Wireless charging could mean the end of power cord

uBeam's founder Meredith Perry

Room and Cord

Last week, the ever-active Apple rumor mill got some hot new grist – Bloomberg reported the company is working on new technology that would allow iPhones and iPads to charge wirelessly over a distance. But Apple is hardly the first company attempting to overthrow the tyranny of your AC outlet.

Qi Charging
The humble Oral-B rechargeable toothbrush has been using a wireless power source since the early 90s. Through a method now known as Qi Charging (a form of inductive charge), the tech typically uses a charging station or pad to transfer energy through an electromagnetic field. In 2009, the ill-fated Palm Pre smartphone debuted the Touchstone, a slick charging pod that still couldn’t save the doomed platform. The Samsung Galaxy series and the Apple Watch are the latest to use Qi charging, and Ikea has even introduced a line of furniture that uses the tech.

The much-hyped and much-funded uBeam promises to deliver a wireless charge to everything from your phone to your refrigerator in a much more innovative way – via sound waves. Founder Meredith Perry developed the tech while still a student at the University of Pennsylvania in 2011; three years later, her company announced it had built a fully functioning prototype that eventually would be available to consumers.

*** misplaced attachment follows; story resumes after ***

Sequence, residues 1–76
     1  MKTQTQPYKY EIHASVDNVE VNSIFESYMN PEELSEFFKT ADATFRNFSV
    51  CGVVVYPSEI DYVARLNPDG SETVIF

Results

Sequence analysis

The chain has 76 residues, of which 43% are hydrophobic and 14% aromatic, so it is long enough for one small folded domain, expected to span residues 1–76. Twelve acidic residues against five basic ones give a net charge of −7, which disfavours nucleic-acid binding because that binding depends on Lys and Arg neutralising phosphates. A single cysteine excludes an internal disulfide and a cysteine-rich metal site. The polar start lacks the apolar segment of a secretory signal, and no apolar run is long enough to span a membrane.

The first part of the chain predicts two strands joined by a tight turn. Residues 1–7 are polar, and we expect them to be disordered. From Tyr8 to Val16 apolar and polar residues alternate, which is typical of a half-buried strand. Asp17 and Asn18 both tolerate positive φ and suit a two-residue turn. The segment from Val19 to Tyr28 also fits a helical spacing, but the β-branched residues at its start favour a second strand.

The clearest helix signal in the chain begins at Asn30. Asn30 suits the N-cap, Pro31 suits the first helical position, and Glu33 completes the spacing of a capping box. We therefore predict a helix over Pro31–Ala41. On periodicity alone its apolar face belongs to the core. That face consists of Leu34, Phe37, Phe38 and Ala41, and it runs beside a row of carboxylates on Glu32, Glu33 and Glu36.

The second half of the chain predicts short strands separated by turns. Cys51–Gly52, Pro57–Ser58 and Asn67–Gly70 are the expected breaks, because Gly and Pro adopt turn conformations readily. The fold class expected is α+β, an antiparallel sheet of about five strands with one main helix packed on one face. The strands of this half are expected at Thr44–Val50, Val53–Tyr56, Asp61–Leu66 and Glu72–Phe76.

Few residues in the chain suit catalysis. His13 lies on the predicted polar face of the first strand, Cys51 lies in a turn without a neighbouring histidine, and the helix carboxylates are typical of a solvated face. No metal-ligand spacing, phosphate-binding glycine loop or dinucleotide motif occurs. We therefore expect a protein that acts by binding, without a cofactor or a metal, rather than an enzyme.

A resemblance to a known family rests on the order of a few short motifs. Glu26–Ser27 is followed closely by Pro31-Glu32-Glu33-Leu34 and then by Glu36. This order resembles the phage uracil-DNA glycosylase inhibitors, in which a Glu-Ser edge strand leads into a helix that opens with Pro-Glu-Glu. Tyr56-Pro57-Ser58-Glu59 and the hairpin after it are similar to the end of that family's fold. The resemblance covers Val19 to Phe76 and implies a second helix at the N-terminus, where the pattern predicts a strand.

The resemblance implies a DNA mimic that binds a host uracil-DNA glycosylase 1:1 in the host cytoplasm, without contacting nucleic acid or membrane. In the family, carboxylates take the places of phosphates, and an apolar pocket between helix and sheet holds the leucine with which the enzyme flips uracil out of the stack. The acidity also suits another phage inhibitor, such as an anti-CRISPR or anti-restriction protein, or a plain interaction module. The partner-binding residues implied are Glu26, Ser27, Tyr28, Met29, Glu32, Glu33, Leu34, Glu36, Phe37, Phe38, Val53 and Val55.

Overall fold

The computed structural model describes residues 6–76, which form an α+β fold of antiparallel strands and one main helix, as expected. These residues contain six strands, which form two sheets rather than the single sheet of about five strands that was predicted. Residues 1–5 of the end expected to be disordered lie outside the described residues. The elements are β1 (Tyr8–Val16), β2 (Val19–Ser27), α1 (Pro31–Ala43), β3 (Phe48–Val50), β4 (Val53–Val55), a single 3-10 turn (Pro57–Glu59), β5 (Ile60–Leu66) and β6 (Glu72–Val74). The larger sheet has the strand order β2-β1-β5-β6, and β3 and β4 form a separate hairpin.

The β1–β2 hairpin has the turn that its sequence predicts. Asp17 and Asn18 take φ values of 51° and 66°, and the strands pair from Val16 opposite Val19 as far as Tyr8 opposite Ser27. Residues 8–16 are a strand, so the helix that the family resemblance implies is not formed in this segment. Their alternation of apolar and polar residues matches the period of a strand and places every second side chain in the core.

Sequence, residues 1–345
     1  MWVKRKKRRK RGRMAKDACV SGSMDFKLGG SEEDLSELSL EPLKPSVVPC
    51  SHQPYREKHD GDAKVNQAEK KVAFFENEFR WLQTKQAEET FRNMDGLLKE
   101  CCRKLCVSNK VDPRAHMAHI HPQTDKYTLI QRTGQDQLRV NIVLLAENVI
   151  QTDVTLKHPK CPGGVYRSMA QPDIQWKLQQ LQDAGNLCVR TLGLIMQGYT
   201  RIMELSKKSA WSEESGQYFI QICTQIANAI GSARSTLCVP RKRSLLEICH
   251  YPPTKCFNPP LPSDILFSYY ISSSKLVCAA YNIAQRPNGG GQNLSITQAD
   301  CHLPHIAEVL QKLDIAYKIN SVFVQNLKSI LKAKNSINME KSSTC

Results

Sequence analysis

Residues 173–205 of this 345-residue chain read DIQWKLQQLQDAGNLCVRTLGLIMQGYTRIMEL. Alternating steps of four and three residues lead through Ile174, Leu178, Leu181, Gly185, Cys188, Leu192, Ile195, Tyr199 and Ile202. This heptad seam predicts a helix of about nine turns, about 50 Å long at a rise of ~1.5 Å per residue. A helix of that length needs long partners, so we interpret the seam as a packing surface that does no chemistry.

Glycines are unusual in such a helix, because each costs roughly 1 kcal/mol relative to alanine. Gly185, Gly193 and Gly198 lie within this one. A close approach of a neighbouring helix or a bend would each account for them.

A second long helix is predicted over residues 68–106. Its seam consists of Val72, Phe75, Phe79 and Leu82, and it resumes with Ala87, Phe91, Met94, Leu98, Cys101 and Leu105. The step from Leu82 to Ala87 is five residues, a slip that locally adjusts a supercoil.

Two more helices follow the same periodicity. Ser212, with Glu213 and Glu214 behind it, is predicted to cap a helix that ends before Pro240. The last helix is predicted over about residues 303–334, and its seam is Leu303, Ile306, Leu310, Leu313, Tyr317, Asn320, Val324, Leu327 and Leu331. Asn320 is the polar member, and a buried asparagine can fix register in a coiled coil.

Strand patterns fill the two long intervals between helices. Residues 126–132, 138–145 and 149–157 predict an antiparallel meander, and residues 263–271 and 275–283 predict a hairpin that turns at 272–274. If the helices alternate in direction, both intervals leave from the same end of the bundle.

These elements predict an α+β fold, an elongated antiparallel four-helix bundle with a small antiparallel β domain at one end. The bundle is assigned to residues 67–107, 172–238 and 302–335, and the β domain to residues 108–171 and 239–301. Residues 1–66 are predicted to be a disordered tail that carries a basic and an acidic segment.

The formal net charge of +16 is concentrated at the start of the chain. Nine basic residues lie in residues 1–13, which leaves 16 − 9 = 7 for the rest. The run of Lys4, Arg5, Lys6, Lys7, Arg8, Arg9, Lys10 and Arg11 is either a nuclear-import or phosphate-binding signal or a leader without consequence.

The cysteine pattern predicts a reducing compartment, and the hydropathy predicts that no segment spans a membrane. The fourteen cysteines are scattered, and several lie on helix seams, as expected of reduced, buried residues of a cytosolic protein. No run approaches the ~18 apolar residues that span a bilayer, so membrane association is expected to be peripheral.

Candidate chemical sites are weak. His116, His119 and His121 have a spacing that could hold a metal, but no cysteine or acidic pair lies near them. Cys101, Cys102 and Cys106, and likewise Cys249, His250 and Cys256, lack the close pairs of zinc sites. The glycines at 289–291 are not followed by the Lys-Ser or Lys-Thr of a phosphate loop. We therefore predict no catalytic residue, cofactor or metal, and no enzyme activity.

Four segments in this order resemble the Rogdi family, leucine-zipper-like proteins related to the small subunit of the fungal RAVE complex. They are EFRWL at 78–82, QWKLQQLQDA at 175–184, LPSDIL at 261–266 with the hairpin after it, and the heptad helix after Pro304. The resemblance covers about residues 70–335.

Because uBeam has never publically demoed a functioning unit, many doubt their ability to deliver. In October, the company released a wealth of technical details, research, and safety information on the product. That hasn’t stopped many in the scientific community from remaining skeptical, but uBeam is reportedly in talks with Virgin, Starwood hotels, and Apple about strategic partnerships.

The Cota is a meter-tall tower that delivers wireless charges to any small device within a 30-foot radius. After ten years in development, the Cota debuted at this year’s CES.

The device is filled with hundreds of omnidirectional antennae that detect electronics within range before then sending a radio-frequency pulse to provide a charge along that same path. The company has demoed several prototype devices, but the prospect of an actual consumer model could be several years away.

Now go forth (and cut the cord).